Twice in the last few months I've been asked, essentially, how do I keep system administration interesting? (One prefaced the question with, "Tom, you've been a sysadmin for 2 decades, right?" Thank you for making me feel old.)
There are a few things I do to keep it interesting:
- Do things you enjoy. Each year on January 1st I spend a good couple hours doing nothing but think about my career, where I want it to go, and what I enjoy. What I enjoy changes over time. It used to be unpacking and playing (um... I mean... finding the business value, sir) with new hardware. For a while it was learning new languages. Now it is coding and automating processes.
- Don't do things you don't enjoy. Often to be a more "senior" sysadmin you have to go into management. If you've started to hate your job, and you've recently taken on more management responsibilities, get out. There are plenty of companies that have a career ladder that lets you stay technical. The companies that don't have that kind of system really need to be put out of business. We can help that happen by making sure the best sysadmins leave those companies.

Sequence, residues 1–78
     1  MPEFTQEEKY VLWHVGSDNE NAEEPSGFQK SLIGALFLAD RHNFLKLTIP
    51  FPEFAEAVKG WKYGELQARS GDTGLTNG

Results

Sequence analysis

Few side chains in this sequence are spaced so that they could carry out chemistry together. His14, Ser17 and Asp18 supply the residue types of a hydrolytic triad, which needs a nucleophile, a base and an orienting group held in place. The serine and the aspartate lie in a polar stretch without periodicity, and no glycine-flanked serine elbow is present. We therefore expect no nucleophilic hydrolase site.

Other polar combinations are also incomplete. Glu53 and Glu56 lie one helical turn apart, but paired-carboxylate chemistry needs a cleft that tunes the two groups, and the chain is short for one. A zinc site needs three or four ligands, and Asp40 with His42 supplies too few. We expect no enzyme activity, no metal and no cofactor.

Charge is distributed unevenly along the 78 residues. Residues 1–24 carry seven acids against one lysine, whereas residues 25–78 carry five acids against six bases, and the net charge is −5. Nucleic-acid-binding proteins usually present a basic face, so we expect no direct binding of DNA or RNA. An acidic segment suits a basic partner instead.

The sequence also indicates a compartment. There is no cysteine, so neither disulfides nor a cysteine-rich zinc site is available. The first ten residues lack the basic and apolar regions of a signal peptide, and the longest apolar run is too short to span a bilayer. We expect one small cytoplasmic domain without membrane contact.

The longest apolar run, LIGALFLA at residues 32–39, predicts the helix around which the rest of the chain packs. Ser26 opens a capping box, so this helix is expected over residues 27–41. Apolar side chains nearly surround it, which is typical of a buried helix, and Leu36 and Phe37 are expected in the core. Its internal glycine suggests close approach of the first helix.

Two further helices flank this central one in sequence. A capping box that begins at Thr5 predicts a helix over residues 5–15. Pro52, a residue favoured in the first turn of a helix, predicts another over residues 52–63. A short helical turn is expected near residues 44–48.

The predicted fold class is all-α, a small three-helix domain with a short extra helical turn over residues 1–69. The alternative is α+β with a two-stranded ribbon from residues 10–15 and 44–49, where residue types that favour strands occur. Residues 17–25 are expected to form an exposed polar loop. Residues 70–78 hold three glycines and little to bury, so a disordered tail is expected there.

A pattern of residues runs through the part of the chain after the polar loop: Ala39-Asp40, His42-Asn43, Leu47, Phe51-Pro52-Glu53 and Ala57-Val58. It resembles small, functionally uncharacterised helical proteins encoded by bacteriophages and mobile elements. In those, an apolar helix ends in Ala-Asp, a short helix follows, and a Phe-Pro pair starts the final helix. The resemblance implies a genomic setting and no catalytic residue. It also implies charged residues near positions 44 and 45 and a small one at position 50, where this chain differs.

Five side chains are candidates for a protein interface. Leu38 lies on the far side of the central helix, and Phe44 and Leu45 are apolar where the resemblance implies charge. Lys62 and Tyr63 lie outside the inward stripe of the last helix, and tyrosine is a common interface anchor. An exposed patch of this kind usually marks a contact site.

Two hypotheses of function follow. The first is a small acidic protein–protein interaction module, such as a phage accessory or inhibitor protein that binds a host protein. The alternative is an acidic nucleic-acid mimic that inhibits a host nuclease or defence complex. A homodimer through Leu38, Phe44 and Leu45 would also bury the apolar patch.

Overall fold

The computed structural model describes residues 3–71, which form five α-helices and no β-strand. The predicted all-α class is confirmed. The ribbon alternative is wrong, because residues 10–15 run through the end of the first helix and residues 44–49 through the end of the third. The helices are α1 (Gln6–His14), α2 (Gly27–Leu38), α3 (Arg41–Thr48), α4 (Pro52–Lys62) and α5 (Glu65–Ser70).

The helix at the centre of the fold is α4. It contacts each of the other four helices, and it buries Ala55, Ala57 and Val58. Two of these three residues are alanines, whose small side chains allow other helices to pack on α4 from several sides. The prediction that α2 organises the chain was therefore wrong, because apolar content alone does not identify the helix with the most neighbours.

- Diversity. Do a lot of different things. Not all at once, but over years. Since I've been a sysadmin I've gone through phases: my VMS years, my Solaris years, my network jockey years, my PSO years, my small-organization years, my big deployment years, my Python years, etc.
But most of all, I keep things interesting by always working to make myself obsolete. I automate and document my job so that other people can do it, and then I let them do it, and then my manager moves me to other things. I strongly believe in "automate/document the parts of your job that you hate". It helps eliminate them quickly. In fact, that may be why I discovered I dislike management... I can't automate it.
It is also important to work at a company you believe in. Even my least liked job (a small company in the telecom billing industry) was a "cause" that I believed in: we were making the world a better place by showing that we could replace some god-awful bad IT with modern stuff and help change an industry. If you are working at a company "to pay the bills" not because you believe in what they do, get out fast.
Now that I've come to the end of this blog post it dawned on me that I've forgotten the #1 thing that "keeps it interesting" for me: interacting with sysadmins outside my current company! That's why I go to so many user groups and conferences, especially conferences like Usenix LISA and LOPSA-NJ PICC. That's why I started a user group when there wasn't one near me. The best way to "keep things fresh" is to be in places where new ideas are shared.
So that's how I kept things interesting.
P.S. The next Usenix LISA is Nov 7-12, 2010 in San Jose, CA.